Can You Be Addicted to Food?
Food addiction is difficult for those who have no personal experience with the subject to comprehend – just as those suffering from drug addiction and alcoholism are commonly faced with misunderstanding and discrimination from individuals who have not walked a mile in their shoes. Even drug addicts sometimes misunderstand food addiction, claiming that something involving a non-addictive substance cannot possibly be nearly as devastating as a physical and mental dependence on pills, booze, or the likes. As it turns out, studies show that those who suffer from food addiction experience a psychological response similar to those who suffer from substance dependency.
Experiments in both humans and animals prove that the same neurological reward centers that are stimulated by addictive chemical substances such as alcohol, heroin, and cocaine are activated by highly palatable foods – foods high in fat, salt, or sugar content. When an individual experiences intense feelings of pleasure as a result of eating certain foods (as dopamine is released into the brain), he or she will feel the need to eat again once that feeling has dissipated. Therefore, food addiction and drug addiction affect individuals somewhat similarly – although physical symptoms are typically unalike, the emotional and mental torment caused by the unrelenting cravings and impulsive compliance is devastatingly comparable.
Signs and Symptoms of Food Addiction
Those who suffer from food addiction will typically develop tolerances to food over time, much like drug addicts and alcoholics develop tolerances to their chemical substances of choice. What does tolerance mean by way of the food addict? The amount of palatable foods a food addict eats will likely increase over time, seeing as a greater amount of food will need to be consumed in order for the same amount of pleasure to be experienced. After a while, feelings of satisfaction and contentment will begin to be almost impossible to obtain, and the desire to once again achieve the initial feelings of gratification that food produced will override physical, mental, and interpersonal consequences. Food addicts will typically continue eating despite fullness, leading to serious health complications such as obesity, high blood pressure, and heart disease. However, food addicts can be of average weight – and frequently are. They may be genetically predisposed to metabolize food quickly, or they may compensate for their excessive food intake with hours of daily exercise.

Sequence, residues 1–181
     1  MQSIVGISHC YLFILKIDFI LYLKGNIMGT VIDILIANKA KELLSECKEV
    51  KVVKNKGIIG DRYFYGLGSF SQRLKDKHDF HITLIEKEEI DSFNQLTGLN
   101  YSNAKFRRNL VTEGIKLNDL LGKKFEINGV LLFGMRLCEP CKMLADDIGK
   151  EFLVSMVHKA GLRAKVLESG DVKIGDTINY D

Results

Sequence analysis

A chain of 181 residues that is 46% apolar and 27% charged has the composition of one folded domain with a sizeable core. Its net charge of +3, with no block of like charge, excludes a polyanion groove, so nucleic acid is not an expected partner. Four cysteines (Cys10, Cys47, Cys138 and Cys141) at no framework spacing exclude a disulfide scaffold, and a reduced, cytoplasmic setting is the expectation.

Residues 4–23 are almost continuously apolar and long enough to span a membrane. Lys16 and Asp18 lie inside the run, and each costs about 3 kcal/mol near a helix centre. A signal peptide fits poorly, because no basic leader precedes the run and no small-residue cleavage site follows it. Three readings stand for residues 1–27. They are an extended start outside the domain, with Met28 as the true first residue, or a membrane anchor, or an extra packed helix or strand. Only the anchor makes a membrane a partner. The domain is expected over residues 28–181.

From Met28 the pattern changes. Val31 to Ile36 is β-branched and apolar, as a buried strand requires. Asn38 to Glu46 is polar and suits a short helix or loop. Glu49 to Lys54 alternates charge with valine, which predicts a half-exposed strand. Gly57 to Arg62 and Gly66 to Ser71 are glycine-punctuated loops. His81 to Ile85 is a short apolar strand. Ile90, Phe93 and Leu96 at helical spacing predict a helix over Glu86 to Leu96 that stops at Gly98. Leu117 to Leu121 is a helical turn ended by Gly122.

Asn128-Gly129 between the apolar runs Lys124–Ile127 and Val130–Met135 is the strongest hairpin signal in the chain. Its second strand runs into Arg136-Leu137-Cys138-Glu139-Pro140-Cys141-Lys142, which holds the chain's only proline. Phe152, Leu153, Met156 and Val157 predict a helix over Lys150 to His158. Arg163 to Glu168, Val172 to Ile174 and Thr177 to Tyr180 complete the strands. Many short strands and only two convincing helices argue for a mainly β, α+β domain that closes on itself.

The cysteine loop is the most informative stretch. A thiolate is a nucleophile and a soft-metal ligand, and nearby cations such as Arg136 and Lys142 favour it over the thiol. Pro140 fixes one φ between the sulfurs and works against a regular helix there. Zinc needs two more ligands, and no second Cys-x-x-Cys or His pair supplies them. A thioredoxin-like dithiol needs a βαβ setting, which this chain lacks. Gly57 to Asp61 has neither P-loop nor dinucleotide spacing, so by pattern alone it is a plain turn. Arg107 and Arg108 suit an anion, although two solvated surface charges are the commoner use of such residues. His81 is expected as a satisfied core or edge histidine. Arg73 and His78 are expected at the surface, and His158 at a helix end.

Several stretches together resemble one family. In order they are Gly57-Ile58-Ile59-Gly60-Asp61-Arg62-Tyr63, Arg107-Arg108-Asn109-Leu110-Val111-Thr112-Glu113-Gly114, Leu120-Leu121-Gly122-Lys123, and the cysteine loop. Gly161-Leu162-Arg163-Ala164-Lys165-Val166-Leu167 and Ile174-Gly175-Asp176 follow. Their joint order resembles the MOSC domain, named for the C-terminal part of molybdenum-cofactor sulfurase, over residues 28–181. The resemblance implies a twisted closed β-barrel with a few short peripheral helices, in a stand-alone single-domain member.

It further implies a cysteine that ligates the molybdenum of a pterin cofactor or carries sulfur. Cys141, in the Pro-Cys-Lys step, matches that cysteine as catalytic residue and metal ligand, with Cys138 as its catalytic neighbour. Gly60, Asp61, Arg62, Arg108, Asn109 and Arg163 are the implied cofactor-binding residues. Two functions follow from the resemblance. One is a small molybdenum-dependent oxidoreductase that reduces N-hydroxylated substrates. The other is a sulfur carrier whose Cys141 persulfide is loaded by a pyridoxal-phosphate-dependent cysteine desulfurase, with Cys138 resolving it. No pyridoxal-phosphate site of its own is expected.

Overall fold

If you are addicted to food, you may experience some of the following symptoms:
- Inability to control portions when eating certain types of food
- Eating certain types of food secretly or in private
- Going out of your way to obtain certain types of food when they are not available
- Continuing to eat even when you’re no longer hungry
- Eating despite fullness
- Eating to the point of physical illness
- You avoid certain social situations where certain types of food will be present for fear of publically overeating
- Your performance at work or school is compromised because of your relationship with food and eating
- You begin spending less time with friends and family members because of your eating and the consequences of continuous overeating
- Eating often causes you to feel depressed, anxious, guilty, or shameful
- The amount of food you used to consume no longer triggers the same feelings of satisfaction and pleasure, and you begin eating greater quantities of food in attempts to produce the same results
Help for Food Addiction
Food addiction is an extremely common disorder, though it is rarely openly discussed for widespread lack of understanding and empathy. If you or someone you love is suffering from food addiction, help is available. Many inpatient drug rehabs offer dual diagnosis disorder tracks, many of which focus on eating disorders of all kinds. For more information on our dual diagnosis program of addiction recovery, please contact one of our trained representatives today.